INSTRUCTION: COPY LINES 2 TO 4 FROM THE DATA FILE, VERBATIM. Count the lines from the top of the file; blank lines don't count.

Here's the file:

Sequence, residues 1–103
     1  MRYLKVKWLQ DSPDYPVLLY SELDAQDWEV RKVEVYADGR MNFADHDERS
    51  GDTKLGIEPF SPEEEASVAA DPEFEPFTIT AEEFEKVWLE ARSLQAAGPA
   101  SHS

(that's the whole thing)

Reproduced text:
     1  MRYLKVKWLQ DSPDYPVLLY SELDAQDWEV RKVEVYADGR MNFADHDERS
    51  GDTKLGIEPF SPEEEASVAA DPEFEPFTIT AEEFEKVWLE ARSLQAAGPA
   101  SHS